Scammers are hitting the Internet, and no one is safe.
A recent MSNBC news article told about a Microsoft employee who had his account hijacked by criminals.
According to the article, criminals hijacked the account of Bryan Rutberg in what is known as a “Nigerian” scam, changing his status to “BRYAN IS IN URGENT NEED OF HELP!!!” They changed his login e-mail address and password to assure that he couldn’t get back in to remedy the situation.
Rutberg’s friend Beny Rubinstein, another Microsoft employee, took the bait, wiring Rutberg $600 on two separate occasions. The situation was remedied the next day after Rutberg franticly attempted to contact Facebook to assure his friends that he was just fine, to stop sending money.
A majority of Facebook’s user base are students, who the service was designed for, but as the site increases in popularity, parents and family members are signing up to “friend” their loved ones. As families move online, Facebook scams could prove more successful than the usual “Nigerian Prince” junk mail. That begs the question: How secure is your Facebook?
Freshman pre-communication major Alex Kanner’s password is not complex, but he’s not worried.
“My account is fairly secure,” Kanner said, although his password contains no uppercase characters, underscores or numbers.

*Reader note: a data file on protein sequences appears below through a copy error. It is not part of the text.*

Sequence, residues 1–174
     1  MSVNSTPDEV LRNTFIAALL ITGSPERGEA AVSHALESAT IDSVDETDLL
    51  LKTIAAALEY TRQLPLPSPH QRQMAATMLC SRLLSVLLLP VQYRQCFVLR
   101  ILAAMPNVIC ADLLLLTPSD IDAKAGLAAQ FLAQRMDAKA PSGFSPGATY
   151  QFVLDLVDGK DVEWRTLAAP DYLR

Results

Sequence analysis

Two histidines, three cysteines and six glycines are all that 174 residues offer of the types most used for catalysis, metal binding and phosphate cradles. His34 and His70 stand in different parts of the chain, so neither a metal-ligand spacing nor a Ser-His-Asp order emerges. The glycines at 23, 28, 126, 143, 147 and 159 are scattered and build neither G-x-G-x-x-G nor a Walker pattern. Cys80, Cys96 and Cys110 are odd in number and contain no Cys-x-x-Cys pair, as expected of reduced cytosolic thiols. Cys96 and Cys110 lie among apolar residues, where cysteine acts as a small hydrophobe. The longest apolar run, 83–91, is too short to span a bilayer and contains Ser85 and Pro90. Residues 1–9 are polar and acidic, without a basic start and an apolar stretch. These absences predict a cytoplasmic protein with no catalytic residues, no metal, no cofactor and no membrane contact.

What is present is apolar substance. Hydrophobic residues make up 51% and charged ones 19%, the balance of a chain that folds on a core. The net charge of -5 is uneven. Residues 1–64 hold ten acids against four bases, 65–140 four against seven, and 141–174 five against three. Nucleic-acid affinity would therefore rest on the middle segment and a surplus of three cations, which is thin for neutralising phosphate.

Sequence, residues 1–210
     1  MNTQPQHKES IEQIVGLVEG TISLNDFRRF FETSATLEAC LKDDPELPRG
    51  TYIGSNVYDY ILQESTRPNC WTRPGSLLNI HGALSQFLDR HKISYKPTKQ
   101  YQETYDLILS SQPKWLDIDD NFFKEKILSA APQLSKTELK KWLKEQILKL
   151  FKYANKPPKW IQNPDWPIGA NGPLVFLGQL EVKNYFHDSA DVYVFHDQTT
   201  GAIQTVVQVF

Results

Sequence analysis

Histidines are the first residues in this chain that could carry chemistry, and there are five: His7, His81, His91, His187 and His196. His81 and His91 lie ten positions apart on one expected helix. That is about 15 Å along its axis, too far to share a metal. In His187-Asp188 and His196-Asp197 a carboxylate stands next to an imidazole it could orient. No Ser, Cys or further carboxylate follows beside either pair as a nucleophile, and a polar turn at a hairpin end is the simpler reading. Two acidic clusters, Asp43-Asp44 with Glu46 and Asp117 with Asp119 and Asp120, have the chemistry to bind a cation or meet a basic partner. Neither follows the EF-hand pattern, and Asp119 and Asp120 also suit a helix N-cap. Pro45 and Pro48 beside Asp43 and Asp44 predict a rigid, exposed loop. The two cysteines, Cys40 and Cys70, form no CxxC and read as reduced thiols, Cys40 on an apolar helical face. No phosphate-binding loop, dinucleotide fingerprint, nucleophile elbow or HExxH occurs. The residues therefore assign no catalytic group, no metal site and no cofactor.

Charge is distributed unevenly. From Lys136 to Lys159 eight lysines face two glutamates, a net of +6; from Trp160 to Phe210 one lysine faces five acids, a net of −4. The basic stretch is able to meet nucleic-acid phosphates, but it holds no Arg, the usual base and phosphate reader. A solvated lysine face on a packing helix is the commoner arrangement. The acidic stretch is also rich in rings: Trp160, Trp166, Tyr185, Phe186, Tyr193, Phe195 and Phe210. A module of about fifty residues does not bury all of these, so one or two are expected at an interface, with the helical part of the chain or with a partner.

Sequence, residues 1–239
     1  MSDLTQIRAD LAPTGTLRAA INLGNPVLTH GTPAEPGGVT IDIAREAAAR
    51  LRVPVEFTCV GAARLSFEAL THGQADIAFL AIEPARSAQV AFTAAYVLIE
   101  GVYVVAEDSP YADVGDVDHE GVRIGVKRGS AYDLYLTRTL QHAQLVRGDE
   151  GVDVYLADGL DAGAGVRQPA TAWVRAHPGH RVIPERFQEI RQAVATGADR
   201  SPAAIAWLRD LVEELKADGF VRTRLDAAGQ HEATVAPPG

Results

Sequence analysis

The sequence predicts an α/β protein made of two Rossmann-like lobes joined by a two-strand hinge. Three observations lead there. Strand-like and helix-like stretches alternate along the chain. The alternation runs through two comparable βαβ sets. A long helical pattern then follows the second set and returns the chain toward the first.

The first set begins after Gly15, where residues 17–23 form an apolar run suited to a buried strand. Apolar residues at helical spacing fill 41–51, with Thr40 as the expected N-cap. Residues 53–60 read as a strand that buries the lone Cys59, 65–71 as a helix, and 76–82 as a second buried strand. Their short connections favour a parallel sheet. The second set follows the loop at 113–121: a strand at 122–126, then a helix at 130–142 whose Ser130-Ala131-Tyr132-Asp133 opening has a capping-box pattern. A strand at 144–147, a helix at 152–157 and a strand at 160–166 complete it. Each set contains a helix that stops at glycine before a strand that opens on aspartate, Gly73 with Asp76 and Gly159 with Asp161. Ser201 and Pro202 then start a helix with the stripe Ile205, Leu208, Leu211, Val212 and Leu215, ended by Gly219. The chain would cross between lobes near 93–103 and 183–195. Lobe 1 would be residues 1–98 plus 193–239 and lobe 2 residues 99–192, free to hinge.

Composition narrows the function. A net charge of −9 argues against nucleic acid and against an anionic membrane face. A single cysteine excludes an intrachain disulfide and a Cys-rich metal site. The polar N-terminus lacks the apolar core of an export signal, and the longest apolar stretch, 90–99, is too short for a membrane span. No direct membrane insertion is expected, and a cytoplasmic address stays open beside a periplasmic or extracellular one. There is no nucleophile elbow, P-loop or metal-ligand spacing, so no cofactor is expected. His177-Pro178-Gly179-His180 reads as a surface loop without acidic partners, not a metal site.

“One or two people know my password,” he said.
Kanner’s account has been hacked by his friends before. Though the changes were minor and humorous in nature, it has been compromised and used by people other than himself.
According to Georgia Pyle, a freshman open-option major, one person knows her password.
“No one has ever hacked into my account other than my roommate who changes my status to funny things,” Pyle said.
Other than that, nothing malicious has occurred on her account, Pyle said.
Pyle’s mom, as a user of Facebook, has seen the status changes and has called to make jokes about it. Other than that, nothing malicious has occurred on her account. Pyle uses a more complex password than Kanner, though, as she uses both uppercase letters and numbers to get on the popular social-networking service.
Facebook offers no means of phone contact for its users. Unlike other sites, Facebook does not have a “Contact Us” on the page for e-mail or phone support.
Facebook could not be reached for comment about account theft or online scams through their service.
Contact CU Independent Staff Writer Zack Shapiro at Zashapiro@colorado.edu.